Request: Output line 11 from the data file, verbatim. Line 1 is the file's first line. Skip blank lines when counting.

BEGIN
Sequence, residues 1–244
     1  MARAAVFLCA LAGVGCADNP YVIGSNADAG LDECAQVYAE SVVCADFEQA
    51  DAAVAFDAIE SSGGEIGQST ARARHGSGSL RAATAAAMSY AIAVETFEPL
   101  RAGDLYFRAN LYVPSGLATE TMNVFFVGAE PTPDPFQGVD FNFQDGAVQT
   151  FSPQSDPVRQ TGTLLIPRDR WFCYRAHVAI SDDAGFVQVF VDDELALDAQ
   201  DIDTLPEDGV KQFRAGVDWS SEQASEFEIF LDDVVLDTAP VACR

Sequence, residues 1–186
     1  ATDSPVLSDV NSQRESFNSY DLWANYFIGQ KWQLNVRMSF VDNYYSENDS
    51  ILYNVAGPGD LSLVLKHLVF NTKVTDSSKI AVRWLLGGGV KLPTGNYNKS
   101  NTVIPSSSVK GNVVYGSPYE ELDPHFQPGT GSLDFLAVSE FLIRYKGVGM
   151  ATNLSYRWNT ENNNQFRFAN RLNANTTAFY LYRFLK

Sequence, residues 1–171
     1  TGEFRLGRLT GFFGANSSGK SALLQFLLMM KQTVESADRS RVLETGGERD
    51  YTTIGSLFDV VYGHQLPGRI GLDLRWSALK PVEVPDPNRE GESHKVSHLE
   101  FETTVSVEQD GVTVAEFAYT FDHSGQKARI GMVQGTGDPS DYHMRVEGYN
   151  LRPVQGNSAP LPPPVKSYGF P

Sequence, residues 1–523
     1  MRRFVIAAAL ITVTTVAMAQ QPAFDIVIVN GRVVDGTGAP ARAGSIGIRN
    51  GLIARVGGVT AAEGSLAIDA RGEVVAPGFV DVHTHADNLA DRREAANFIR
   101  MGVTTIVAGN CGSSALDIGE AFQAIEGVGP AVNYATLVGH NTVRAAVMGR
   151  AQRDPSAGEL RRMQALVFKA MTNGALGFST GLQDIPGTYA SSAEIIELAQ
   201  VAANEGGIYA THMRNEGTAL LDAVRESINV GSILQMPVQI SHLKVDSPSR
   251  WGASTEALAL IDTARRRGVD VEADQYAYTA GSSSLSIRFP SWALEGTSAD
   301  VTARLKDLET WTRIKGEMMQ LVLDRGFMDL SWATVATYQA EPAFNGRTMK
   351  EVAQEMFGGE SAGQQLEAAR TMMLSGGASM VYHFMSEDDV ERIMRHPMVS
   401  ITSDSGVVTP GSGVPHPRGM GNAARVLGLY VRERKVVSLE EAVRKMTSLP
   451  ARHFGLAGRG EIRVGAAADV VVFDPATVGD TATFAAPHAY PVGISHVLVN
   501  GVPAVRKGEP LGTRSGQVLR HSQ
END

   151  ATNLSYRWNT ENNNQFRFAN RLNANTTAFY LYRFLK